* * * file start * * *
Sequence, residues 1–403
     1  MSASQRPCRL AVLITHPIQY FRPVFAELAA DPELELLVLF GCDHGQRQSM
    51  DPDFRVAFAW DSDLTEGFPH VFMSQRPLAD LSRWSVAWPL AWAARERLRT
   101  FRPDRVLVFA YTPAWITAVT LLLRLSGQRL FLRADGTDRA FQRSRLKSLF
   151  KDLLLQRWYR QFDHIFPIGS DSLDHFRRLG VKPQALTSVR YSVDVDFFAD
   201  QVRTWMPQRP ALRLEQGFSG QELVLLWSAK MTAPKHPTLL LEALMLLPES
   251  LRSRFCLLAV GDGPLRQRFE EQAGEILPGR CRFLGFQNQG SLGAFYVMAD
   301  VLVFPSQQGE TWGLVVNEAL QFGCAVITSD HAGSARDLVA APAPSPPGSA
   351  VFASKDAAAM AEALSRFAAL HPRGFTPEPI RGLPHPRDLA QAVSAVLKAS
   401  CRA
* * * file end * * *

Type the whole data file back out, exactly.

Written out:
Sequence, residues 1–403
     1  MSASQRPCRL AVLITHPIQY FRPVFAELAA DPELELLVLF GCDHGQRQSM
    51  DPDFRVAFAW DSDLTEGFPH VFMSQRPLAD LSRWSVAWPL AWAARERLRT
   101  FRPDRVLVFA YTPAWITAVT LLLRLSGQRL FLRADGTDRA FQRSRLKSLF
   151  KDLLLQRWYR QFDHIFPIGS DSLDHFRRLG VKPQALTSVR YSVDVDFFAD
   201  QVRTWMPQRP ALRLEQGFSG QELVLLWSAK MTAPKHPTLL LEALMLLPES
   251  LRSRFCLLAV GDGPLRQRFE EQAGEILPGR CRFLGFQNQG SLGAFYVMAD
   301  VLVFPSQQGE TWGLVVNEAL QFGCAVITSD HAGSARDLVA APAPSPPGSA
   351  VFASKDAAAM AEALSRFAAL HPRGFTPEPI RGLPHPRDLA QAVSAVLKAS
   401  CRA